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January 13, 1988 - Image 5

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Publication:
The Michigan Daily, 1988-01-13

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The Michigan Daily-Wednesday, January 13, 1988- Page 5
Panel reaction to

MLK symposium concludes
with workshops, lectures

ii

(continued from Page 1)
clear that they can afford to do so,"
he said.
Jackson said that economic parity
for Blacks was contingent upon an
increase not only in Black university
enrollment but also retention, citing
the nearly 50 percent dropout rate
among Black undergraduates at the
University.
An increase in Black enrollment,
Jackson said, would improve the
quality of education at the University
by providing fresh perspectives.
"Not only do we have a moral im-
perative (to increase Black enroll-
ment)," he said, "but it is in our in-
tellectual best interests as well."
The morning -and afternoon
workshops, held in the Michigan
League, featured lectures and group
discussions on minority issues.
Topics included Hispanic, Native
American, Black and Asian-Ameri-
can concerns, as well as workshops
on mass media and racism, minori-
ties in business and minority politi-
cal issues.
In a workshop on Asian-Ameri-
can issues, University Health
Behavior and Health Education Prof.
Yuzuru Takeshita recounted his im-
prisonment in Japanese-American
interment camps from 1942 to 1946.
Takeshita said he had not publicly
discussed the ordeal since he ad-
dressed a group of businessmen, who
called him "unpatriotic" for criticiz-
ing the policy, in 1948.
The interment "was based on the
fact that the white majority could
not accept the. fact that we were as
American as they were... they could
not fathom that because we looked
different," he said.
Urban Geography and Sociology
Prof. Donald Deskins, in the work-
shop "Reflections on Black
Achievements Since Brown vs.
Board of Education," warned that the
income gap between white and Black
married couples is growing steadily.

In 1984, Deskins said, the aver-
age Black married couple earned 51
percent of the average white couple's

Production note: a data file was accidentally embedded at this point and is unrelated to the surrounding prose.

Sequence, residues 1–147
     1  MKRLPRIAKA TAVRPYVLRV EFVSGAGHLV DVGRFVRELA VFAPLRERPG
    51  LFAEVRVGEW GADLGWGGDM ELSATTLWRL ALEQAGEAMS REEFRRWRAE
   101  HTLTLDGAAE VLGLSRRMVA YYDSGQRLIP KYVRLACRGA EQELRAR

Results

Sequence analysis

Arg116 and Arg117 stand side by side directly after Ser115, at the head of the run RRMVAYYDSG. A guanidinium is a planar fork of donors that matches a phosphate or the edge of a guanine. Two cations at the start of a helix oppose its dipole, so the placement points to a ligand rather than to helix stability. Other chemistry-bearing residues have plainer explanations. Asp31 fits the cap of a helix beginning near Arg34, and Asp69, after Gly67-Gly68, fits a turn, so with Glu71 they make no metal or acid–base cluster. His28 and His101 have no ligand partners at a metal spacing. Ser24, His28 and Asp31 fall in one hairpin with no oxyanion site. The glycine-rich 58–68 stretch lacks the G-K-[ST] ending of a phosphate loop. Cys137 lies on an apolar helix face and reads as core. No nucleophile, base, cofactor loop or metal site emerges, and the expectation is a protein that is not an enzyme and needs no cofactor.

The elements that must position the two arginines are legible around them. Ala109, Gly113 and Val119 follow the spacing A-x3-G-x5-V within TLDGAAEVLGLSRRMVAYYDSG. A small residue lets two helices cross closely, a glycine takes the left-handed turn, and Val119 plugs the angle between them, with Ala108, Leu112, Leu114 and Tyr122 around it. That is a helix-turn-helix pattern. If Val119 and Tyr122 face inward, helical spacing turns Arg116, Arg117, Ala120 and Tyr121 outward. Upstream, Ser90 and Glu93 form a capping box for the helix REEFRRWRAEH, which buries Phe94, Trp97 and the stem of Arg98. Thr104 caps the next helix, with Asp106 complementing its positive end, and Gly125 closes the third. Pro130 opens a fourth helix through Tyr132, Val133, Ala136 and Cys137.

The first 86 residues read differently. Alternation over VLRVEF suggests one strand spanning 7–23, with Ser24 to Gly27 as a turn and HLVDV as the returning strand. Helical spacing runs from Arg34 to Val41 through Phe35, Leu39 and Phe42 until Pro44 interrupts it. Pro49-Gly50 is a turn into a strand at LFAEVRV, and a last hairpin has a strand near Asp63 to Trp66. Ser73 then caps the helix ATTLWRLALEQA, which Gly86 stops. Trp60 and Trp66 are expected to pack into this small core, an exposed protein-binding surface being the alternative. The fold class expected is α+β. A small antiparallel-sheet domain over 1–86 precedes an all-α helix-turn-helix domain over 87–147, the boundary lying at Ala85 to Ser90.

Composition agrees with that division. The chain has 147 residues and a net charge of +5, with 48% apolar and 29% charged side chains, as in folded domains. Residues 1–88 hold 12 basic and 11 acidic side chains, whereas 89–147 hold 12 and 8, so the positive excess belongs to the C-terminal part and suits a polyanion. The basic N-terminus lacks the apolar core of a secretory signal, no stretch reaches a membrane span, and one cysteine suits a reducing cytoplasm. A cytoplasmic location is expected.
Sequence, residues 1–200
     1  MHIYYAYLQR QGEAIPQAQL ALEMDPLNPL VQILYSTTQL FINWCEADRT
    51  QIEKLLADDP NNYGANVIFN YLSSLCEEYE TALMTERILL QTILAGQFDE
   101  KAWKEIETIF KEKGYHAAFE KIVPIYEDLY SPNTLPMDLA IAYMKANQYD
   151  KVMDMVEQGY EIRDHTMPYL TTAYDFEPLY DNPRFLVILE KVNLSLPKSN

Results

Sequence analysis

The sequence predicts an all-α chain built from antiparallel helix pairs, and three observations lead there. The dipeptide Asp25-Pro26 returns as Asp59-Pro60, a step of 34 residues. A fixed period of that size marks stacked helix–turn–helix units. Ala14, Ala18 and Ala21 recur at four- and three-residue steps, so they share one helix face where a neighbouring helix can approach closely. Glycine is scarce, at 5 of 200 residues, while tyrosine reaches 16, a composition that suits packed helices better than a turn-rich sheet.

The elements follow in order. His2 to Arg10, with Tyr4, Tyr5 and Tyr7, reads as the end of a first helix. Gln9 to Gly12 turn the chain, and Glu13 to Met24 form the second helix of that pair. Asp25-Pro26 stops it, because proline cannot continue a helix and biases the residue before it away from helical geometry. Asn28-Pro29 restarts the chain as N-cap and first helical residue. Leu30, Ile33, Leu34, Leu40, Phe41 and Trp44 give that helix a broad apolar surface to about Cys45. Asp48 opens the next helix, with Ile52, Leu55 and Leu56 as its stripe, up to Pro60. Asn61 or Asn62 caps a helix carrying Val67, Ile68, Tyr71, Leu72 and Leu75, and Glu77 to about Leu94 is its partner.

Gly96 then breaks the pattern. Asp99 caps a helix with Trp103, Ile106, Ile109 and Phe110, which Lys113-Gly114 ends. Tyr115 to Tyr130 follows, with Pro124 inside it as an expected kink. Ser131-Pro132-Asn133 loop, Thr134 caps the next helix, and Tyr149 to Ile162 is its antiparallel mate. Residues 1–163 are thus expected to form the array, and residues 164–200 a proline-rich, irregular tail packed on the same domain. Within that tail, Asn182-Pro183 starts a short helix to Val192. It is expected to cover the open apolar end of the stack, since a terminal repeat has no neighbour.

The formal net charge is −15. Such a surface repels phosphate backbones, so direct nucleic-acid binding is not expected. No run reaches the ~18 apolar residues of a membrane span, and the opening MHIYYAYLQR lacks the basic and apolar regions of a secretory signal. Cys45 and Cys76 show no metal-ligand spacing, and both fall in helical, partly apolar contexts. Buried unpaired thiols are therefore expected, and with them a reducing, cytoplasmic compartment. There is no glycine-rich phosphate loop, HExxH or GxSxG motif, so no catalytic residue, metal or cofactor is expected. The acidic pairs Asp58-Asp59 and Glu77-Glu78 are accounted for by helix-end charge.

income, down from 61 percent in
1970.
Deskins also predicted that mem-
bers of minority groups will soon
comprise half of the United States'
'While Blacks are free
to own a house in Grosse
Pointe, it is not clear that
they can afford to do so.'
- Dr. James Jackson,
Associate Dean of the
Rackham Graduate School
population. "Change is coming, and
we should prepare for it," Deskins
said.
Paul Johnson, Native American
Specialist for the Michigan Educa-
tion Association, spoke on the diffi-
culty of Native Americans keeping
their own culture while living in an
American one.
Johnson said that today's Native
Americans grow up in one of three
types of households: traditional
(tribal-based), non-traditional
(assimilated into mainstream
American culture), and pan-tradi-
tional.
The pan-traditional background is
the most demanding of the three be-

cause it requires the Native American
to maintain two often conflicting
sets of identities and values, Johnson
explained.
Johnson called on the federal
government to establish formal rela-
tions with tribal governments that
exercise authority over reservations.
Many Black students suffer from
a lack of self-esteem, said University
Education Prof. Percy Bates in a
workshop called "The Status of Mi-
norities in Education."
"Self-esteem is very closely con-
nected with school achievement,
and... from my vantage point, it be-
comes reasonably clear why we are
still having considerable problems
with the achievement of Black stu-
dents," Bates said.
Bates said that psychological bar-
riers are stronger than economic fac-
tors in keeping Black students from
going to college.
Bates said that Blacks are often
not sufficiently prepared for college
in high school. He cited his own
high school training, during which
he was urged to take non-college
preparatory courses so that he would
remain eligible for the school track
team.
The symposium was sponsored
by the University's Affirmative Ac-
tion Office and the Office of Minor-
ity Affairs.
Daily staffers Heather Eurich,
Faith Pennick, and Jean Lombard
contributed to this story.

code draft
(Continued from Page 1)
will hear all the criticism he can
stand."
But Social Work Prof. Howard
Brabson, a council member, said, "If
(Fleming's draft) came up at a Uni-
versity Council meeting, I would
vote for it since we have been unable
to get any document to protect the
rights of the victim. I would have
followed the same outline after four
years of inactivity on the part of
University Council."
The council was reconvened in
1984 after several administrative at-
tempts to impose a code met with
vehement student opposition. Uni-
versity officials maintained that the
1972 Rules for non-academic con-
duct were not sufficient to protect
the University's atmosphere.
Lat vear. the council released

is mixed
two preliminary drafts dealing with
the issues of violent crime and
political dissent -- the issue of dis-
criminatory action had not been dis-
cussed. The drafts were widely criti-
cized and action was never taken.
Last summer, following a state-
ment from the student members
condemning the group's allegedly
non-democratic process, Prof. Shaw
Livermore, a council co-chair said
the council was inherently incapable
of agreeing upon a set of guidelines,
and recommended disbanding the
group.
Livermore said he would return to
the council only after direction from
the regents or Shapiro. He received
feedback from neither, and despite
Newblatt's attempts to reconvene the
council, it has only met once since
last October.

Newblatt
... opposes Fleming's proposal

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